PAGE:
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Summerfest and Concert Tour - WI

FAST FACTS ABOUT: Summerfest and Concert Tour - WI
Types of TDM: Mode Choice, Route Choice
Keywords: Special events, ITS, concert, multi-jurisdictional coordination, transit advantage, enforcement, park and ride, Freeway Flyer
Area Demographics: Two venues featured, both in southeastern Wisconsin attracting between 35,000 and 1 million visitors per multi-day event.
Program: Coordinated, pre-emptive special events planning which offers public information and transportation alternatives to event attendees.
Results: Event planning Severity Level Matrix, County ordinance adopted which provides fiscal reimbursement for extra government services required as the result of a special event. Increased transit usage (25% of total attendance).
Cost of Program: Not available; numerous agencies and departments cover resource needs.
Staff: Not available; numerous agencies and departments cover resource needs.
Contact: Scott Silverston, Wisconsin Department of Transportation,



Recurring Event Traffic Management
Southeastern Wisconsin is host to various special events throughout the year ranging from sporting events to rock concerts, all attracting a large number of visitors from around the region. In particular this case study will focus on two events, both being music festivals/concerts. Summerfest is an annual music festival that takes place at the Henry W. Maier Lakefront Festival Grounds near downtown Milwaukee and within a close proximity of several major freeways. The second highlighted event is the Grateful Dead Tour that took place at the Alpine Valley Music Theatre in the rural Wisconsin city of East Troy in Walworth County.

Combining Resources and Integrating Technology
In 1995, a number of key components added to the local transportation system as part of an Intelligent Transportation System (ITS) early deployment package, MONITOR, set the stage for special events planning and traffic management in the future. Also in 1995, the Traffic Incident Management Enhancement Program (TIME) was conceived consisting of four inter-related components: 1) special events and construction, 2) emergency response, 3) corridor traffic management, and 4) public information. TIME has been the catalyst of multi-jurisdictional coordination and collaboration regarding regional transportation issues.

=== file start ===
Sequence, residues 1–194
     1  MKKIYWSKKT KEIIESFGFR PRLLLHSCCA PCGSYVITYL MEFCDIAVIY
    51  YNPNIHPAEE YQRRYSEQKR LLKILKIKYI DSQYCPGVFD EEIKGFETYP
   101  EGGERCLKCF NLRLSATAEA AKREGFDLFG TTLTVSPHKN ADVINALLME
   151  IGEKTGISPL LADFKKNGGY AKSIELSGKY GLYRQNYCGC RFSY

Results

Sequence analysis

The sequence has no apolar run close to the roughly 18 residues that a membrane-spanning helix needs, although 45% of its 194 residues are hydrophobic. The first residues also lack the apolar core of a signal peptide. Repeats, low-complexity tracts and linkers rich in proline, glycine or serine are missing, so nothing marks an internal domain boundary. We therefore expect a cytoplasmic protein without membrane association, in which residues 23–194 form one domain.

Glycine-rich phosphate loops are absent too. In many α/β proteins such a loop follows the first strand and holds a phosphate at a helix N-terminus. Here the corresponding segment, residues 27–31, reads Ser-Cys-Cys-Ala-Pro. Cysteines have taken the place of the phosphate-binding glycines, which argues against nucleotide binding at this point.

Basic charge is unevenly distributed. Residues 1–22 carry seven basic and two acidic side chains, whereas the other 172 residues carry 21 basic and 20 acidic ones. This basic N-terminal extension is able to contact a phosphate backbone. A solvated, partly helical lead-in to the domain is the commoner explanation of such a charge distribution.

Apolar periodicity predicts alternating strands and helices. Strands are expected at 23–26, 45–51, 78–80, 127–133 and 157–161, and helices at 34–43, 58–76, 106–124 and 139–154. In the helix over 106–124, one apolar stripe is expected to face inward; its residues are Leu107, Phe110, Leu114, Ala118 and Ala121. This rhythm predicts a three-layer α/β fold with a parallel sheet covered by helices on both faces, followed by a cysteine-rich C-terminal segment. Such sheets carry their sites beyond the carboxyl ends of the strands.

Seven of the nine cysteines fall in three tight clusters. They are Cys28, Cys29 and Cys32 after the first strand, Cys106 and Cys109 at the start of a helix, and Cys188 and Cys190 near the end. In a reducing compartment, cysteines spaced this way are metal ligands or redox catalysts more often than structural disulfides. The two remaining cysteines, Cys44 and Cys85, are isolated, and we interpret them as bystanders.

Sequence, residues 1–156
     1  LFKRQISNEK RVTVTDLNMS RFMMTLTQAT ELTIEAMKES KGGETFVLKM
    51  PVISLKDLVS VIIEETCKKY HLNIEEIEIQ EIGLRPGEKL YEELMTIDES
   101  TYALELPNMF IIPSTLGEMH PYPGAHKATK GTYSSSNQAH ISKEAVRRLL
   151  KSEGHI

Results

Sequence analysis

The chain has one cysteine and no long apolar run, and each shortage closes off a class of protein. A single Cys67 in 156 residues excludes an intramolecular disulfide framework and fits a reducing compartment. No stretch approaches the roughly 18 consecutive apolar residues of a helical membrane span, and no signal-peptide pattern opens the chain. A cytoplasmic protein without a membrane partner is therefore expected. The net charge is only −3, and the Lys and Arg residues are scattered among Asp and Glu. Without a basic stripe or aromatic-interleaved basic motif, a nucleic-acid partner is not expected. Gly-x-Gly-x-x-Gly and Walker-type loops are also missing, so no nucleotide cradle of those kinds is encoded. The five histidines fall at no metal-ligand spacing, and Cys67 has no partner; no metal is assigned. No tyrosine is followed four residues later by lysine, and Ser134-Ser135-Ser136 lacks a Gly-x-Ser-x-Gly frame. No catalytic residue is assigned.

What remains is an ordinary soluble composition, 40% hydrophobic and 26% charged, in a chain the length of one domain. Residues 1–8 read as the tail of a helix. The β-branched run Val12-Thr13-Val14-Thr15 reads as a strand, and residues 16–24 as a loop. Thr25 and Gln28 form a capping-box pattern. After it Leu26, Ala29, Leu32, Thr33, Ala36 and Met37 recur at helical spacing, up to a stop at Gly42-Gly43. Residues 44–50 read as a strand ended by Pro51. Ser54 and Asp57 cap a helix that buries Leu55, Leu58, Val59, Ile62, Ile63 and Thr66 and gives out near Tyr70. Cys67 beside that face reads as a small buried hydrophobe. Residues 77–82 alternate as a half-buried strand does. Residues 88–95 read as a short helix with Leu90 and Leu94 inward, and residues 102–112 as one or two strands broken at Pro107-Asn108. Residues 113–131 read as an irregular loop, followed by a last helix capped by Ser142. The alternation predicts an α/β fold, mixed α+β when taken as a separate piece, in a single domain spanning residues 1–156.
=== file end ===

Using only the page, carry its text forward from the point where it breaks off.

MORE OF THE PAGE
The importance of special event transportation planning was recognized through a review of incident management procedures and programs. Wisconsin DOT (WisDOT) and planning partners began to collaborate on traffic issues related to recurring events such as Summerfest (attracting 1 million people over the course of eleven days), the State Fair and professional sporting events. Planned special events have tangible elements of time, location and content that lend themselves to early coordination unlike unpredictable, unplanned incidents such as a major traffic accident.

Summerfest is an annual, eleven-day outdoor music festival that starts during the last week of June and lasts through the Fourth of July weekend. Summerfest attracts approximately 100,000 patrons per day and over 1 million annually. It’s been estimated that approximately 45% of all attendees are out of town travelers.

Throughout the process, additional challenges have been recognized such as the compounding effect of numerous events, even if they are small in scope, occurring at the same time.

Since parking on-site is limited near the venue, alternative means of providing transportation and informing festival visitors with traffic, alternative route and parking information were essential. In order to manage the steady influx and departure of Summerfest attendees, several Wisconsin DOT field components and other regional resources were utilized. Managing traffic for Summerfest requires high level interagency coordination on the part of WisDOT, Milwaukee County Sheriff’s Department, City of Milwaukee Public Works and Police departments, MCTS, and Summerfest Staff. A scenario based Traffic Management Plan was in place to inform travelers of traffic conditions and detour information.